Rape in Fiction

As of late, I haven’t had much time to do the social media
thing. And I haven’t done my regular blog posts, reviews
on Library Thing and Goodreads and just over the past
week, I began feeling more isolated than I usually do.

Partially because I’ve been working on two new projects.
Nexus II and Taria of the Dead. Taria has taken up a greater part of my mental space. The character is insistent I keep writing her world.

Since the 6th of June, I’ve written about five thousand words on Taria’s story. It’s coming along nicely, though I’m not sure about everything I’m putting this character through. Don’t get me wrong, I don’t feel even a bit guilty. I think this is part of the creative process that makes me grow as a writer, but I’ve noticed more talk in recent weeks about rape culture and about writers writing about rape.

At SFF, Nick Sharps writes, “…so often being a Strong Woman Character™ requires that the character be broken, typically by sexual violence. Either rape was used to transform her into a “strong” character, or else she has to be raped further on in her storyline (presumably to keep her from getting too strong).”

I am writing a brutal experience for Taria, but I believe it’s essential for her to be pushed to her end. Not because as Nick says, “to keep her from getting too strong”, (I can’t imagine that), but to push her to the point when she feels she no longer has anything to lose. The rape doesn’t transform a character into a stronger individual. She’s become strong through everything she has went through prior to that. Those SWCs are pushed to the point that they no longer give a shit and are willing to prove it now.

One last note on the rape business in literature. If the author creates a female as ‘rapeable’ that’s one thing (rape as erotic). If the act is seen as a non-erotic crime of brutality, that’s something else.

For further study, refer to: Rape in Contemporary Literature

Also: Rape and Representation at Wikipedia. Some great reference links here.

Still, I have to wonder if there’s another way to get my character to that point of madness, rather than the brutality I’ve so far considered…



5 thoughts on “Rape in Fiction

  1. I think the only thing more damaging than physical harm is psychological. For example, if your SWC (funny, my husband’s initials) was not raped, but if she could not prevent an assault on her daughter, she would be guilt-ridden and upset and possibly her daughter would find fault with her as well, adding to the guilt and bad feelings. Either way you play the plot around Taria, I am very interested in reading her story. I need SWCs in my life, and I really admire those strong writers who can create them!!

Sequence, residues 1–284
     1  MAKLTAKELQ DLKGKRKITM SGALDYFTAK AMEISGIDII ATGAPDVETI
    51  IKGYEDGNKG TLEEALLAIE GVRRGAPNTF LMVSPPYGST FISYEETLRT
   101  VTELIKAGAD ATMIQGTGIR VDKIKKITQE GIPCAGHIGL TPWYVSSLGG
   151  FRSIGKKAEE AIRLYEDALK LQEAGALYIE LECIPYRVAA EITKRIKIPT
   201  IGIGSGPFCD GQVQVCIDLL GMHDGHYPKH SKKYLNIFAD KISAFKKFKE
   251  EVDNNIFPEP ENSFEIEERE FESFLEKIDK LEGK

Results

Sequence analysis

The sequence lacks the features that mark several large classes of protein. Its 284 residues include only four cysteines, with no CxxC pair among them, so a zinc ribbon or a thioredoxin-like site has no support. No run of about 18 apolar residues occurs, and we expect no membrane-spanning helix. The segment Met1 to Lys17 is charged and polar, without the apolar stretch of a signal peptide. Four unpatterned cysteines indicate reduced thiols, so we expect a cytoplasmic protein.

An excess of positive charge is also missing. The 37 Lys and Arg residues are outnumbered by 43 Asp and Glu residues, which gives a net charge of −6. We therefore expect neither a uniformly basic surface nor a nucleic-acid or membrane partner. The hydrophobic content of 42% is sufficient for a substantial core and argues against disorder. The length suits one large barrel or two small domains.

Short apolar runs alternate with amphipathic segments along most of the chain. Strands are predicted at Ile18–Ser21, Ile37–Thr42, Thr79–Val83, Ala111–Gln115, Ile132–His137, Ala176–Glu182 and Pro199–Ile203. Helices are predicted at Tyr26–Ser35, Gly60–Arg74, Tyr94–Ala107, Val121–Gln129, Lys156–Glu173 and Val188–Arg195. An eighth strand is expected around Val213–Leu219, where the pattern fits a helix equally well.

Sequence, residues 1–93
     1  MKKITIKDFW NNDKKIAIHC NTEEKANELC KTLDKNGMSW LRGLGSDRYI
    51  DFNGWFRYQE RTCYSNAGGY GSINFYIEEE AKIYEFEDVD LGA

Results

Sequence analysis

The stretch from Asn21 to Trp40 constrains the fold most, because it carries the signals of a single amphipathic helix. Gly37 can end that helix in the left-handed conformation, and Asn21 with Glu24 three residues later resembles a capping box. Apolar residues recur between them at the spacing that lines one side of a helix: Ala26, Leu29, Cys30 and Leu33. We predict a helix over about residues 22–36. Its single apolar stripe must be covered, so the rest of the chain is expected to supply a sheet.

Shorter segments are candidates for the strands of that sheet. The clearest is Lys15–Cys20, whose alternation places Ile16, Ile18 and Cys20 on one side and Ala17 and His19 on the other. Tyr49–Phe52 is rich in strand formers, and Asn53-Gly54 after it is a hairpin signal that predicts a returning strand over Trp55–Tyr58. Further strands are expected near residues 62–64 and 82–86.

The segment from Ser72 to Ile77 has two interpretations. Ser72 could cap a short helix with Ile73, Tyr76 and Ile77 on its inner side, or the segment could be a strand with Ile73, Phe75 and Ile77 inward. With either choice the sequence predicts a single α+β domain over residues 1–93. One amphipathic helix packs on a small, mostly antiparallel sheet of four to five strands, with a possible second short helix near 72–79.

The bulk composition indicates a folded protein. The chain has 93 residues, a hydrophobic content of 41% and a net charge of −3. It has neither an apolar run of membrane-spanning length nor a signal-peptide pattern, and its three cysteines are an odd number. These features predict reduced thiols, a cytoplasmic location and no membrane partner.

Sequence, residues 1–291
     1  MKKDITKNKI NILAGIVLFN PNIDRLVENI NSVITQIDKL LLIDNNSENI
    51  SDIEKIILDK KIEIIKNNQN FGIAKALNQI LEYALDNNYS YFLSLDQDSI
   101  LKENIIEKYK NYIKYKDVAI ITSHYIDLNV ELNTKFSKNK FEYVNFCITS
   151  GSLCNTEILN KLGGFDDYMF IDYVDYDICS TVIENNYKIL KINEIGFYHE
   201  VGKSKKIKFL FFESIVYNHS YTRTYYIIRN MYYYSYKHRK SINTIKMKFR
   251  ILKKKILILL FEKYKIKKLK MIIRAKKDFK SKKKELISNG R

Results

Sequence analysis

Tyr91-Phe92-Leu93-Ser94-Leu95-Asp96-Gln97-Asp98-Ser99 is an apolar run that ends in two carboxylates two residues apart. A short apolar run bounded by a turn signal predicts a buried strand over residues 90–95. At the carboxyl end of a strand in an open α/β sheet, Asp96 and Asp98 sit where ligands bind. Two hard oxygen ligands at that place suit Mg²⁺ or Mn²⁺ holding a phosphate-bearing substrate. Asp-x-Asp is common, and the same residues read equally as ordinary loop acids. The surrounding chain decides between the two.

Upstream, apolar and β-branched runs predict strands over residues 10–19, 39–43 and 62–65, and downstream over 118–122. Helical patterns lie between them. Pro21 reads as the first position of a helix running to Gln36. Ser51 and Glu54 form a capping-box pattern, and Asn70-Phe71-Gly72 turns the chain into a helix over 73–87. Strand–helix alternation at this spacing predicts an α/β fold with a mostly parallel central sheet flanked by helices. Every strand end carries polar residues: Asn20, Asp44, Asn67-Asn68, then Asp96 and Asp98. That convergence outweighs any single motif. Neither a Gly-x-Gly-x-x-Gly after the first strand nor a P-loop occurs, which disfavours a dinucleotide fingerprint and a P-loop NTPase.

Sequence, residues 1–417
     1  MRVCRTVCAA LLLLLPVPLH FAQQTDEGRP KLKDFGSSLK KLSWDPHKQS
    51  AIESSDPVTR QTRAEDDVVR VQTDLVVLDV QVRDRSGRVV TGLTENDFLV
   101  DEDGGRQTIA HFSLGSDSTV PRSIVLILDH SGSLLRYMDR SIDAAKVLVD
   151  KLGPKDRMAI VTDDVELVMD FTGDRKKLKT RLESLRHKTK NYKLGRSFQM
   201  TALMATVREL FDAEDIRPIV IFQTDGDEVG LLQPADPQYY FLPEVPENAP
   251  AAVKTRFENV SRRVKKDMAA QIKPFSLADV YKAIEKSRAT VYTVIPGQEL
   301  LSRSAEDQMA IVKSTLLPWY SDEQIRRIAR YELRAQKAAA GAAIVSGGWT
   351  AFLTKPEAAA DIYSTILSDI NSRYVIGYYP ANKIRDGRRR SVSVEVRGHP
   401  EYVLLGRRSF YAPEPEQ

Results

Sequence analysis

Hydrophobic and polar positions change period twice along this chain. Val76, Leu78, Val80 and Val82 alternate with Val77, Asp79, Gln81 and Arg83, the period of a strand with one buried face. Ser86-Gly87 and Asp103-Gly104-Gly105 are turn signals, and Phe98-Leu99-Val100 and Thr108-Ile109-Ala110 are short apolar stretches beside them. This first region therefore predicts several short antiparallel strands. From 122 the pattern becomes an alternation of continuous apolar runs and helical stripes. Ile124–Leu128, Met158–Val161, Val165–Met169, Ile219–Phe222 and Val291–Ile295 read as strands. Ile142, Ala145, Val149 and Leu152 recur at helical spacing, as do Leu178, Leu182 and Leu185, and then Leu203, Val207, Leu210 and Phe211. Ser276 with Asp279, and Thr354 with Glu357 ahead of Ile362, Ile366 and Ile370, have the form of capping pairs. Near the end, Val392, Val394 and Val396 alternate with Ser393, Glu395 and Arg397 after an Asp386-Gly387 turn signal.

2. Oh, that is a good twist Phyl. Excellent thinking. Can I use that?

    I think we have strong women characters in our lives, but don’t recognize them much of the time. For my part, I didn’t recognize my mother and grandmother’s value for a very long time. I look back now and know their lives were never easy. Somehow, in the worst of times they muddled through and kept the kids ignorant of dire situations (for the most part). That takes some skill.

  3. Absolutely! I would be flattered!
    And so sorry I did not respond sooner! I did not get the notice that I had anything to respond to, even though (I thought) I had everything set up so all comments would go through my e-mail. My fingers literally stumbled across this one looking for a recent link I tried to make about my review of Tesla’s Secret.

  4. Reblogged this on Author, Mother, Dreamer and commented:
    This is the piece I am excited for my friend to be working on. When lightning strikes inspirationally, it is such a great feeling. To work as hard as this friend has and to have never felt it before — well, I hope these moments stay, because they are certainly deserved for someone who works the craft as hard as she does.

  5. No problem. I’m tech challenged too. Not all the time, but sometimes. Anyway, I’m going to play with that idea and see what happens. Thanks for the reblog and compliments. 🙂

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